At Cambridge University, Schama continued to attend synagogue regularly, but he never asked himself the “fundamental question” of whether he believed in God. “I still take refuge. I suppose I shuffle around in a Spinozistic, deistic way and say, well if it was good enough for Einstein and Spinoza, it’s good enough for me,” he said.
Schama says that he wanted “The Story of the Jews” to give a sense of what binds Jews together as a people outside of simple Torah observance. He also wanted to give non-Jews an access point to Jewish history outside of the Holocaust and Israel.
He set out to avoid what the historian Salo Baron once disparaged as the “lachrymose conception of Jewish history.” But the history of the Jews being what it is, tragedy always lurks in the wings.
There are moments when the emotion overwhelms Schama. “There I am, like a pathetic, typical Jew on the point of almost f—king crying my eyes out standing on the road to Cordoba,” Schama said. “That was only a second take. But the first one, I just broke down.”
Schama is preparing to depart on a six-city tour to promote the first of a two-volume book, “The Story of the Jews,” that accompanies the television series. He’s still working on the second volume, which is due out this fall.
Schama has an intimidating recall of people, places and dates. But his storytelling technique is to latch on to people or objects, famous and obscure, to drive forward the narrative.
Perhaps the most perplexing moment in the TV series for an American audience will be Schama’s treatment of Herzl and Zionism.
Sitting in a Viennese cafe, Schama tells viewers: “Zionism has become a heavily loaded term, for some people a tragically loaded term, but not for me. I’m a Zionist. I’m quite unapologetic about it.”
Schama admits this might seem anticlimactic to American viewers, but in the U.K., where the show aired last fall, he said that “it was a staggeringly shocking thing to say, and would be in France, as well.”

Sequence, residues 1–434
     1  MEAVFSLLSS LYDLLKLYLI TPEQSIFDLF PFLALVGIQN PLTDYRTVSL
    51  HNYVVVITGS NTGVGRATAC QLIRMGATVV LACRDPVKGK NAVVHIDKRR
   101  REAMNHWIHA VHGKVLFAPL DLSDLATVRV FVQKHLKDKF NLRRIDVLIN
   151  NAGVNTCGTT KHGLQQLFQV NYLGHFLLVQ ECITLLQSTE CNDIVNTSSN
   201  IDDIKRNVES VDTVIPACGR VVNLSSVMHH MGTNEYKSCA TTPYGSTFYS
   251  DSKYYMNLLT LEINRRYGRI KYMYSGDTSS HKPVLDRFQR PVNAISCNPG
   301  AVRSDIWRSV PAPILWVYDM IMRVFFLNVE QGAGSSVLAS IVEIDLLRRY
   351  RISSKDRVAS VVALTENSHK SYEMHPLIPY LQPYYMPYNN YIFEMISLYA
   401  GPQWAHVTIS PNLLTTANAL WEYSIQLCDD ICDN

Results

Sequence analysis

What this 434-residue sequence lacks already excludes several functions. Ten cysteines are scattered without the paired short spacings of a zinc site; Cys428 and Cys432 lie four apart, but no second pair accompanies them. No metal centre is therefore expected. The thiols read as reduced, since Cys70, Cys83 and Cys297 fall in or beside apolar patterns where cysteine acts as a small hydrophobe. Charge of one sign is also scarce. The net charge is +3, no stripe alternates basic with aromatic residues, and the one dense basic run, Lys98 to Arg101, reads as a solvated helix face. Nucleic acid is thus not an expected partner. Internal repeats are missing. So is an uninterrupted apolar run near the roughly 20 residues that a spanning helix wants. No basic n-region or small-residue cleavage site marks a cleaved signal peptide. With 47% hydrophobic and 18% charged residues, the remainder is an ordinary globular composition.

Although the series received complaints from the Palestine Solidarity Campaign, which objected to the BBC allowing “an openly pro-Israeli commentator to make the ‘moral case’ for Israel,” the show was very well received in general. The newspaper The Observer called it “an astonishing achievement.”
Schama said some critics were angry that his segment on the Balfour Declaration did not include anti-Zionist views. Indeed, he appears frustrated that despite the encyclopedic nature of the show, he still had to omit so many aspects of Jewish history simply because of time constraints and the limitations of television storytelling.
The series started out as a BBC project, but Schama says that if he had known in advance that the Public Broadcasting Service would pick it up, he would have budgeted for a sixth episode that would have focused on Ottoman Turkey, the Jews of Salonica and more details about the Sephardic Diaspora. “I do bitterly mind us not having had time to do that,” he said.
Even so, Schama is proud that the show was such a success in the U.K. Although fewer than 300,000 Jews live in Britain, more than 3 million people watched the show. Schama says that in many parts of the country, 80% of the people that turned up for his talks were non-Jews. “If I wanted to connect with a non-Jewish audience, I did,” he said.
Schama’s Judaism today is not one “of enormous theological rigor,” he said. “Do I really believe the waters parted for the Red Sea? No, I don’t…. But do I every Kol Nidre think I’m standing there with all of Israel in the presence of some sort of celestial accounting of that particular moment? I sure do.”
‘The Story of the Jews’ will be broadcast on March 25, 8-10 p.m. ET (episodes 1 and 2) and April 1, 8-11 p.m. ET (episodes 3, 4 and 5).